This is one of those Disney true story period dramas that they do quite often, and half the time in Sports. So they picked a 1950’s Ship Disaster, where two large Oil Tankers near Massachustes were ripped in half during the same storm. And during this same storm, the local Coast Guards had to attempt to save the lives of as many people as possible.

Our hero is 23 or 24 year old Bernie Webber (Chris Pine), a guy who grew up in a small town near Cape Cod and who has been sailing most of his life. So he joined the Coast Guard to save lives. There was a big storm the year prior where he was unable to do that and it has haunted him. So it comes to no surprise that he is willing to risk his life to go out into a bigger storm to do it again. His commanding officer (Eric Bana) isn’t from the area and is inept, meaning that he shouldn’t have sent out anyone due to the waves and the shifting bar. But then we wouldn’t have a movie.

Webber and his crew (Ben Foster, Kyle Gallner, John Magaro) take a small 32 foot boat to find the half of an oil tanker that is apparently a few miles off the shore. They don’t have an exact location, it is night time, and of course en route they also lose radio communication and their compass.

Meanwhile, on the ship itself, it is a giant vessel, in half, floating throughout the big waves. The crew consists entirely of workers, with the captain and “real leaders” being on the other half and totally dead. The de facto leader goes to Ray Sybert (Casey Affleck) a quiet type who runs the bottom of the boat. I am sure there is a real name there. He has to stop the crew from trying to mutiny and turn on each other, while also have them attempt the possible: to steer half of the ship to a shoal or a beach somewhere so they can maybe get rescued. They do this with the constant flooding and fear their engine/power will go out, which means no lights on their boat and no whistle to call for help.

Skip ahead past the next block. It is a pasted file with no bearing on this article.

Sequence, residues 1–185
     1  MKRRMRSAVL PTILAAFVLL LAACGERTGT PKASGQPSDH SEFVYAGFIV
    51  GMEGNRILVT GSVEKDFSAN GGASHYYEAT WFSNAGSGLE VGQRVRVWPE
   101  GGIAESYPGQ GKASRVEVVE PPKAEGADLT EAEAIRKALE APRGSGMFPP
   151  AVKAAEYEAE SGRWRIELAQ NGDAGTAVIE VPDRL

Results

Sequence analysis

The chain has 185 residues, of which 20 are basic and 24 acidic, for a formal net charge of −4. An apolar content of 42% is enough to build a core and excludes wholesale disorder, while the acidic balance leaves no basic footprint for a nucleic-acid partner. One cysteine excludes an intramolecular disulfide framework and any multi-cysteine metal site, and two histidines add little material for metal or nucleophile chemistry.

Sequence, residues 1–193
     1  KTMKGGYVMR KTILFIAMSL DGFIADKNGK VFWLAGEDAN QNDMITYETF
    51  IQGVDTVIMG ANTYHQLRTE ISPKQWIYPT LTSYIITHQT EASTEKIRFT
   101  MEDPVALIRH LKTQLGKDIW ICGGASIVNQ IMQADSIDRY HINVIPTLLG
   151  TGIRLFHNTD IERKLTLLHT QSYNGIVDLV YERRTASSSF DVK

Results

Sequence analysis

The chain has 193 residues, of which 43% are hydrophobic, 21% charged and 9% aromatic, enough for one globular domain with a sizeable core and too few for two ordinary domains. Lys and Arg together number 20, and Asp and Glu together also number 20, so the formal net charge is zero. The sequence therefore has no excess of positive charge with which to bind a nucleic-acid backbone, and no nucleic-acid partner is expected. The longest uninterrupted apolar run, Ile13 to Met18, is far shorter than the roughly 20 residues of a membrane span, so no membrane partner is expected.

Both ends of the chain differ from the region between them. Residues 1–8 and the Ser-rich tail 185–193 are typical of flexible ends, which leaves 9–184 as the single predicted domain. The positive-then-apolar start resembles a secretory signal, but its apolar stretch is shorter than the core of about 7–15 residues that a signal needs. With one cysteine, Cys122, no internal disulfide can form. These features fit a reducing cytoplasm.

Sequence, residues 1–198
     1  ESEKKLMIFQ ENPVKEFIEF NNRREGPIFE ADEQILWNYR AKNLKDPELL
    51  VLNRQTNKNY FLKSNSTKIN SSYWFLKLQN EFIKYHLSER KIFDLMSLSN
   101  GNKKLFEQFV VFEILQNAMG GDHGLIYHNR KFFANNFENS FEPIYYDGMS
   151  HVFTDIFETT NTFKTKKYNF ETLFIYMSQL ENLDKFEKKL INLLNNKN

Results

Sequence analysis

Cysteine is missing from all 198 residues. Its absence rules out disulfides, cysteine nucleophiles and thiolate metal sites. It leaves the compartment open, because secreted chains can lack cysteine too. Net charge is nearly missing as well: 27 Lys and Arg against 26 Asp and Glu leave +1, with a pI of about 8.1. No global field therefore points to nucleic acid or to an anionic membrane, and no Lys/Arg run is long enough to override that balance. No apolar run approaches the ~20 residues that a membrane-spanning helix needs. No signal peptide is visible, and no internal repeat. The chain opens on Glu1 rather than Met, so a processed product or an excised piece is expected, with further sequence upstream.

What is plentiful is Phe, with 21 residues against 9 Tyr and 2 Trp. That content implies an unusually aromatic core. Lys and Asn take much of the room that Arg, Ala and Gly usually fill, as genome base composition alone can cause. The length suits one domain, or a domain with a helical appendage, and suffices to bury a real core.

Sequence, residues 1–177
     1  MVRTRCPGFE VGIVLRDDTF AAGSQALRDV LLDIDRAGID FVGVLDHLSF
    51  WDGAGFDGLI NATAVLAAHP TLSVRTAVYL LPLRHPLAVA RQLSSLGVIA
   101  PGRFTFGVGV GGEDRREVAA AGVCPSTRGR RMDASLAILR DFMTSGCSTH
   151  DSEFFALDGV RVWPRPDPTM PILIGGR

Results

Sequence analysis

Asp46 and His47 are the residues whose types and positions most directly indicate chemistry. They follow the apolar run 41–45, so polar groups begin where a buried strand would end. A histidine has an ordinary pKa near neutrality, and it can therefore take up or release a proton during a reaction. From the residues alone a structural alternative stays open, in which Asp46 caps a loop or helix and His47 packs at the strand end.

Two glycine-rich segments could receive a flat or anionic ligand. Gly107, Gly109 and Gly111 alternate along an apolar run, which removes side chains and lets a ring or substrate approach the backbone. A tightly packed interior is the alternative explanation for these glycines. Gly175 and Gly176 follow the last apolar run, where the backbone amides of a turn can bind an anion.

The crew is made up of over 30 men, including Graham McTavish, Michael Raymond-James, Abraham Benrubi, Josh Stewart, John Ortiz and Keiynan Lonsdale.

Also featuring Holliday Grainger as Webber’s new fiance to give us that love interest and pseudo Interstellar moment, and Matthew Maher, aka the Holy Bartender from Dogma, with a sizable role as angry tow truck driver.

Crew
And dozens of extras who only grunt and scream and work. Dozens!

Back to the beginning. Disney wanted to woo Chris Pine because they wanted him to be a superhero in the Marvel movies. It makes sense. He is a big actor, in Star Trek and all. So they offered him a gritty-ish historical film to woo him hardcore and play to his interests. But Pine was sleeping around. Pine is now signed on to play a role in the Wonder Woman! Sure actors have played both sides of the field, but not since it has gotten to its current big status. So, thinking that Pine has made his decision, they decided to make The Finest Hours not as great as it should have been. They don’t care about a flop. They have Star Wars money.

For a film with a lot of issues, I feel I need to mention to best parts first. Casey Affleck was wonderful in this movie. His character was unique and had a consistent personality and was a great watch. Well done Affleck! McTavish also did a good job of grizzled pseudo-assistant.